UI service employees protest over wages, negotiation delays
November 5, 2021
The local chapter of the Service Employees International Union, which represents the University’s service workers, held a protest on Wednesday over the University’s lack of response to their complaints about pay discrepancies and lack of respect for service workers.
According to Adrien Rojas, a spokesperson for the SEIU, the University is required to meet for negotiations within 30 days of the request being filed.
Workers have been requesting negotiations since mid-September and a meeting has only been scheduled tentatively for Nov. 18, Rojas said.
“It’s been two months and they did let us know when I first sent them the demand for a bargain on September the 14,” said Richard Baldwin, SEIU senior organizer. “They responded with ‘We received that,’ and then a month later they told us the Fire Service Institute. . .is not available and we can meet somewhere else. And then silence again.”
The Fire Service Institute is where SEIU usually meets with the University.
Rojas noted that the meeting is scheduled right before winter break, “which is unfortunate,” and hopes that any momentum SEIU receives “doesn’t get squandered.”
Hundreds of workers have not been getting paid at the rate that the union and the University have agreed to and have instead been paid at a lower rate.
“There’s hundreds of people now who are not getting paid the correct rate,” Baldwin said. “And it’s been going on for months and we keep bringing it up, and they say ‘Yeah, we’ll fix it’ but they don’t get it fixed. It’s not that they’re refusing, but it’s frustrating. I have to show up to work and do my job and be held to an appropriate standard. How are you not able to just pay me the correct rate?”
According to Robin Kaler, associate vice chancellor for Public Affairs, the University is aware of the pay rate issue and is working to fix it.
“SEIU alerted us earlier this year that almost 200 employees were not receiving a shift differential they were supposed to be paid,” Kaler said in an email. “We have been working with the Office of Business and Financial Services to calculate and distribute back pay and to ensure the differential is paid correctly going forward.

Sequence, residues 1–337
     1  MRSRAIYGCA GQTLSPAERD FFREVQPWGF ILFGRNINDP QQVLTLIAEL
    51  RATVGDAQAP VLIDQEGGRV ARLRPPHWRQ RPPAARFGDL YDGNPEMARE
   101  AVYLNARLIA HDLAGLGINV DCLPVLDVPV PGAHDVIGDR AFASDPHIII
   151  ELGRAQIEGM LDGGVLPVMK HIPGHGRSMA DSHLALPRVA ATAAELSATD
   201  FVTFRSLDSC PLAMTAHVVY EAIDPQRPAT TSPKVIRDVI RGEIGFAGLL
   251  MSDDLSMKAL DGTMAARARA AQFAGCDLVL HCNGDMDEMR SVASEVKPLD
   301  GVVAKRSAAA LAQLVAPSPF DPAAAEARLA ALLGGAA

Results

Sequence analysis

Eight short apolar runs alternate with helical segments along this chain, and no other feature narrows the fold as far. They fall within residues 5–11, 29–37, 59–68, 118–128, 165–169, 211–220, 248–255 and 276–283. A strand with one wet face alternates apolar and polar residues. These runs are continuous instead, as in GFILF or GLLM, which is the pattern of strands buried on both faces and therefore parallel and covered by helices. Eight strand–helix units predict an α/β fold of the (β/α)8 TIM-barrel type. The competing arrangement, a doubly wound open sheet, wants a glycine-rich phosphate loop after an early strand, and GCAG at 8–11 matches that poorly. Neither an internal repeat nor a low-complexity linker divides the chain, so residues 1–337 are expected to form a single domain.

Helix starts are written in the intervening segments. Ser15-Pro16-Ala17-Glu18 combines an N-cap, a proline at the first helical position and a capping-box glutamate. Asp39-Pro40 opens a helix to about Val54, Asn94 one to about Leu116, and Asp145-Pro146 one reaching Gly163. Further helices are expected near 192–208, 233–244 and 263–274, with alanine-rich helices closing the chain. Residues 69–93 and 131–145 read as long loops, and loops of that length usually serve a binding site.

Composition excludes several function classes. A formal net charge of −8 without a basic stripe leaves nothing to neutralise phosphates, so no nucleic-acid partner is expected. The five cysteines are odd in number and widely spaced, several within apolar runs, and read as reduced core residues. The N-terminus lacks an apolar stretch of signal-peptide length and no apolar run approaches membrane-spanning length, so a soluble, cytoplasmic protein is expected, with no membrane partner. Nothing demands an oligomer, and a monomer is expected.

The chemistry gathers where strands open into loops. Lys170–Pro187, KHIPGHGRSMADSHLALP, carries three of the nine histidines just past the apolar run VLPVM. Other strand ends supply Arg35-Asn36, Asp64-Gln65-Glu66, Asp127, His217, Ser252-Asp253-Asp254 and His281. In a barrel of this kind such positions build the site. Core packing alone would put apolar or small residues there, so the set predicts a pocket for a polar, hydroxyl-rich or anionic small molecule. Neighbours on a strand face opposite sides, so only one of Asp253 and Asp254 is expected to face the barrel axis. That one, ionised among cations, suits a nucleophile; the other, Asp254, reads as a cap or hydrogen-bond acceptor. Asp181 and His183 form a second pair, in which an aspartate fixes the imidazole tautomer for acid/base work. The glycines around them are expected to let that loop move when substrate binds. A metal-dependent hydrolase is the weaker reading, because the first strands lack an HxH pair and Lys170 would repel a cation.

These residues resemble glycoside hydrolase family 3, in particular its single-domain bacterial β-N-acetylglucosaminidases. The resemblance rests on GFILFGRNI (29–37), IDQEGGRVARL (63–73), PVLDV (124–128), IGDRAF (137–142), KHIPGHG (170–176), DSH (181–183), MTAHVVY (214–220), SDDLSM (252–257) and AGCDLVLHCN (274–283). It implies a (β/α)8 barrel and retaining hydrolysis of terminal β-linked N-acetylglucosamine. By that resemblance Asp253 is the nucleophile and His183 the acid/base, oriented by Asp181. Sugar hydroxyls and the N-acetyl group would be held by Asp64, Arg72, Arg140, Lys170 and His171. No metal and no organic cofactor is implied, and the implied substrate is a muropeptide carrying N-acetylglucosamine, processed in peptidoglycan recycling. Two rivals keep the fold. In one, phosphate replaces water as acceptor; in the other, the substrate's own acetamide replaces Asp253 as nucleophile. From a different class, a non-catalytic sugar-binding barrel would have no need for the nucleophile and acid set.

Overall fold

The University also recently did away with pandemic-related quarantine pay for its workers because of the University’s vaccination requirements and also because “vaccinated individuals are no longer required by public health guidance to quarantine when they are exposed to COVID-19,” according to Kaler.
Additionally, service workers are treated with a lack of respect from their employers on top of being underpaid and are being ridiculed even when the work that they are doing is good, Baldwin said.
Baldwin knows first-hand what service workers have to endure. Working in the dorms and dining halls can be a taxing job and that is not recognized enough by the University, he said.
“Most people don’t understand what some of these folks have to deal with at work,” Baldwin said. “They will walk into a bathroom to clean it, and they will have smeared feces all over the wall or written things in blood on the mirror.”
“There is a lot of constant harassment from people over little things, and then they just let huge things go,” Baldwin said.
Many service workers want the University to acknowledge the work that they are doing and to compensate them accordingly, according to Rojas.
“They put their all into it and are called heroes by the University, and they are not treated necessarily so,” Rojas said.